Justin Bieber: The Crushing Power Of Fame

ImageRecently Justin Bieber was charged with drinking and driving, resisting arrest and drag racing in the streets of Miami. He was also accused of illegal drug use. These are just the latest of his recent antics that seem to show the pop star spiraling out of control.

“He’s only just turned 19 and he’s still learning to cope with the pressures of fame. But it’s worrying.” His grandmother Kathy Bieber has been quoted saying in a past interview.

There is a lot of pressure of fame that not everyone knows how to handle, especially a 19 year old that’s been pretty much raised his whole life to not only think that he is special, but that he is somehow above the rules and laws that “normal” people have to abide by.

This is something that happens with lots of celebrities as they feel the stress and pressure of the spotlight and began to think of themselves as “special” and begin to lose their sense of self-awareness.

There is a tremendous amount of stress that comes along with fame, when people are always watching you and expecting you to be in character every time you are in public. Fame can turn into a lonely, isolating and mistrustful place where losing yourself happens very quickly.

The people these celebrities typically surround themselves with are usually so eager to be close to fame that when they should be telling these people “You need to slow down. You need to watch what you are doing.”, they typically don’t. Instead, they become “yes” men and women. We’ve seen this over and over again with celebrities like Lindsay Lohan, Britney Spears, Michael Jackson and Whitney Houston.

Psychologist Robert Millman created a theory called “acquired situational narcissism” to try to explain what happens when people acquire fame.

The theory basically states that when the world and the people closes to the famous person start to over praise that person and do not accurately reflect reality back to them, the celebrity stops knowing how to be in the world with other people because they are so used to being looked at that the celebrity stops learning how to be in the world with other people. They are used to everybody looking at them that they forget how to be in relationship and share equal responsibility. They become disconnected from reality, a form of narcissism where they believe they are extra “special”.

When you are surrounded by people who are willing to give you any and everything you want and not say “no” to you, it’s hard to learn how to restrain yourself. And when you have dozens if not more people around you everyday telling you how special you are, it’s hard to not start believing that. The constant praise and ability to get away with things creates a sense of entitlement that leads to worse and more extreme behaviors as these celebrities push the envelope to see just how “special” they really are.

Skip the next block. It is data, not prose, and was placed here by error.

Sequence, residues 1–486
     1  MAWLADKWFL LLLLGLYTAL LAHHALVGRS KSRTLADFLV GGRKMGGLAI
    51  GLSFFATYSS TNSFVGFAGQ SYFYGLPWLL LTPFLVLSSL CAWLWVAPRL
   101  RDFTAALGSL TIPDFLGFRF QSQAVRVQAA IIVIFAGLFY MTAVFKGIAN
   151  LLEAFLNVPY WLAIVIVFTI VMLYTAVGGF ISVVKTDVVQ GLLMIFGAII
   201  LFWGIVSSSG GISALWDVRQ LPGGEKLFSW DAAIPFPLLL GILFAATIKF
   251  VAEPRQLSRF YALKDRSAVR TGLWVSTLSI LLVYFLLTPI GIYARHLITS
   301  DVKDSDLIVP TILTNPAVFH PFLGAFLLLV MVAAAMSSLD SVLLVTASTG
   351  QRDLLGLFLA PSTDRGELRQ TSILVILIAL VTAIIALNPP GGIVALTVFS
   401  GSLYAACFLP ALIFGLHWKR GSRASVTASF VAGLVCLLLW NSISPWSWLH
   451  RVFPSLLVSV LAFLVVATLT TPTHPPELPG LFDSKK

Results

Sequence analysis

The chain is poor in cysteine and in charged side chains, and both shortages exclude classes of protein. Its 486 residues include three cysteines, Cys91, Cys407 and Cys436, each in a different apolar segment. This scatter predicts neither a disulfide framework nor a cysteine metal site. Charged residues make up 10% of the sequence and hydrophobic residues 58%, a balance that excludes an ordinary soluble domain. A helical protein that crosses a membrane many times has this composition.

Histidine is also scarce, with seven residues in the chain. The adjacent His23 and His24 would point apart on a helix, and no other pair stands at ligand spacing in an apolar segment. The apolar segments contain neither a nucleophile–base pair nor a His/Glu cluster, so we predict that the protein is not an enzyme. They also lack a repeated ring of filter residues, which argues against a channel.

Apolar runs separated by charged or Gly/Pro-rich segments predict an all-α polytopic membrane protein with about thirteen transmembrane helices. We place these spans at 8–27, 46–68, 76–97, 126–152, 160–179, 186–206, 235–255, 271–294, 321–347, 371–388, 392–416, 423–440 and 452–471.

These celebrities also tend to surround themselves with bad influences. “Yes” people who won’t tell them to stop, but will encourage their bad behavior. It is rumored that Justin Biebers dad helped block off the street in Miami so his son could drag race. If this is the case, his dad, wanting to share in the fame and fortune of his son is not likely to truly be a great parental influence out of fear that his son would push him away, which means instead of giving good fatherly advice, he is more likely to go with the flow even if the flow is against the law.

Some have asked if Justin Bieber is committing career suicide. I would say no to that. As long as he is rich and famous there are going to be fans who want to see him, even when he is doing outrageous antics. However, I’m more worried about Justin Bieber as a person. If he doesn’t start taking responsibility for himself and surrounding himself with people who aren’t afraid to reflect reality accurately back to him, he could end up in rehab, behind bars for a long time or worse.

He can definitely end up being the male version of Linsday Lohan and Britney Spears. At 19, he’s young enough to turn this whole thing around or throw it all away. I just hope out of his entire entourage there are at least some people who are grounded enough to be honest with him and that he is not too conceited or out of touch to actually listen and want to make the changes necessary to save not only his career, but his life.

 

 

On Domestic Violence And Why Women Stay

abuse10Have you been watching the Jodi Arias trial? It’s a fascinating one that’s for sure.

I haven’t so much as watched it as listened to it whenever I am in the car  and while I have my opinions, I’ll save that for after the trial.

The thing that caught my attention today was the domestic violence expert, who testified yesterday, Alyce LaViolette. LaViolette is a psychotherapist who specializes in domestic violence. Although I am not sure if Jodi Arias really was a victim of domestic violence, I do know that what LaViolette said about domestic violence rings true for millions of women.

Both men and women can be victims of domestic violence, but since the majority of domestic violence victims are women, I’ll be referring mostly to women in this post. And I have written about The Cycle of Violence, Power and Control in a previous post if you would like more information.

We Need Never Be Ashamed of Our Tears- Charles Dickens

Women who are abused often don’t tell anyone, even their closes friends and family because they are generally humiliated and ashamed of the abuse. They go through great lengths to hide the fact that they are being abused, even to the point of protecting their abuser and acting out on anyone who says anything bad against him, especially when they don’t want to look like they have made a bad choice in a partner.

On top of that, there is also the halo effect operating. That’s when someone keeps thinking about the one great quality about someone, despite the many bad ones and that keeps them from seeing the total picture. They are living in two different realities and will fight to keep the shame from one reality from entering the other.

Many women are afraid to leave their abuser and rightfully so, as leaving is usually the most dangerous time in the abuse cycle, when the woman is most likely to be severely hurt or killed. Many women also stay in hopes that things will change, despite the evidence that they probably won’t. They will see that their abuser has the potential to be a great mate, only if he wasn’t abusive.

Also, I’ve learned from working with abused women that they actually get brainwashed into believing that no one else will ever love them or want them,  so they stay because they start believing they are so ugly, worthless, fat, stupid, (insert insult here) that they are lucky that their abuser even wants them.

Case Example